By Lithgow Mercury Journalist Ciara Bastow
"It was something like I've never experienced..."
Glen Alice RFS deputy captain Tim Frew spent over three months of his life dedicated to helping fight the Gospers Mountain Fire, a fire that broke records as being the world's largest forest fire from a single ignition point.
For 79 days it tore through bushland, destroying homes, shattering lives and killing countless wildlife.
Tim Frew and his crew of men were called to the fire in late October, early November 2019 and worked for the next three months before the fire was officially declared 'out' on January 15.
"It got pretty intense," Tim said.
"It came over the top of our place, my place backs onto the Wollemi National Park, I've got probably two kilometres of cliff face in my backyard and it came over right along it one night.
"It got pretty close."
One particularly scary night that Tim will never forget was when he got home at 9pm after working with the RFS and everybody in his house, including his wife and two children had gone to bed.
There was a prediction for an easterly wind to blow in at about 11pm.
The wind did blow in, right on time.
"I waited up for that because I knew the fire wasn't too far from us, I didn't realise how close it was," he said.
"It came over the top so quick and that night we had embers dropping in everywhere, we had about 12 trucks in the area that responded, there were fires just running around everywhere.
"We were just stamping out these hot ashes like it was raining and you couldn't see anything because of the smoke, it was the thickest smoke I've ever seen.
"It was a pretty crazy night and it got within 40 metres."
Capertee RFS came and sat there all night to make sure the people of Glen Alice didn't lose their homes.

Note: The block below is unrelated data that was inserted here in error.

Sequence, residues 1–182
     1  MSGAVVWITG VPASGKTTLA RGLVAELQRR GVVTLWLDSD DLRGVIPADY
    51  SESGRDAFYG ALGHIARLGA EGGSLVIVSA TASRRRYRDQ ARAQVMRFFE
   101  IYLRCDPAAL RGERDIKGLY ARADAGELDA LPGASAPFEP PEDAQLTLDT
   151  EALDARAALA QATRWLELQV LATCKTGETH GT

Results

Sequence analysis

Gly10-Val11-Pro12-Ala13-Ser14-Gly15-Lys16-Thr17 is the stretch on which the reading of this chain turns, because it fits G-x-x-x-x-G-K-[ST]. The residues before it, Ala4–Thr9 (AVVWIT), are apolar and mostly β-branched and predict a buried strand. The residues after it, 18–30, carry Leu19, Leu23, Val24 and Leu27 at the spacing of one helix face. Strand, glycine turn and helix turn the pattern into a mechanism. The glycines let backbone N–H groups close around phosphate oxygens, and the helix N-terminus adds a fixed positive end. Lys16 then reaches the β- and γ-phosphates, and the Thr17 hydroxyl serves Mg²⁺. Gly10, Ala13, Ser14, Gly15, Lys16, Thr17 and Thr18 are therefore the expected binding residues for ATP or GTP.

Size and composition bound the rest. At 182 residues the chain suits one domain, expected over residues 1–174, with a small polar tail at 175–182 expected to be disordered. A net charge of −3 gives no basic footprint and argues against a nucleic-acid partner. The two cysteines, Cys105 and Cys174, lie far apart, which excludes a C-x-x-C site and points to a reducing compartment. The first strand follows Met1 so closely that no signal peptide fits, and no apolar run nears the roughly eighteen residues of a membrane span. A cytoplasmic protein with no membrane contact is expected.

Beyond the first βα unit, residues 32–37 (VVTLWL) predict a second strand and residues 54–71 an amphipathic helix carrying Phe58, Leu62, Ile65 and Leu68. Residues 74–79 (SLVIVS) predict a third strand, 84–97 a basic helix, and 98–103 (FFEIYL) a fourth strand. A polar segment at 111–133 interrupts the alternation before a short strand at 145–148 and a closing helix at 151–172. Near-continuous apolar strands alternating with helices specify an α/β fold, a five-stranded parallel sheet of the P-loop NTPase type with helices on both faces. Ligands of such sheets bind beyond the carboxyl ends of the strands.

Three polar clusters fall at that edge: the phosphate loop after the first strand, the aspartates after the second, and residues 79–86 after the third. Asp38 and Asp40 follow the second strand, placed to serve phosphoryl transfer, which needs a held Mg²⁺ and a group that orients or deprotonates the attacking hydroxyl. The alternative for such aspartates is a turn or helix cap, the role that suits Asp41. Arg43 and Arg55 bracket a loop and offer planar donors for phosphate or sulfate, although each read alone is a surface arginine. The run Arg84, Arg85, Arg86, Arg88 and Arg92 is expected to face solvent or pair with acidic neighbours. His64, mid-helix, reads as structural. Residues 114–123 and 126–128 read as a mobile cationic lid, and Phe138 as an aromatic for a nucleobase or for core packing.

"I had to go and get my neighbours up and tell them that they have to get up because it [the fire] is here," he said.
Tim believed they got so lucky because the next day the wind turned.
"So many towns got so lucky with the wind, it was on us and then it turned due to the wind and that happened so many times," he said.
But that night was just one of many.
"The fire just went on and on and on," he said.
"Just about every day Glen Alice had crews out, we did 24 hour days, it wasn't any eight hours and then you come home, we were out 14 to 16 hours nearly every day."
Glen Alice has a crew of around 25 to 30 people they can call on when a fire hits, the majority of them being farmers.
"My captain is a farmer, my senior deputy is a farmer, I'm a farmer. All the other deputy captains in the Glen Alice brigade are pretty much farmers as well," he said.
"We were dealing with drought before any of these fires started and then last winter was the busiest winter we've had. We were called out nearly every weekend through winter as well. So we knew it was going to be bad."
Tim has lived down in Glen Alice for around 24 years and has been part of the RFS for just as long but had never seen a fire like Gospers Mountain before.
"We've had big fires out in the Wollemi National Park, it's not the first time the Wollemi's burnt since I've been here, but it was definitely the biggest and went on for the longest," he said.
"It encircled us and went right round the back of us down into Glen Davis and then back up towards Capertee, then it came round the other side and headed towards Rylstone as well."
Tim said the whole situation was "crazy come normal".
"I think that was what a lot of us thought about it all, I think it affected a lot of us," he said.
"Especially when it ended the way it did you know, it rained and put it out and it ended, it didn't take a long time to end, it just sort of went on for a long time, then it rained and it was over."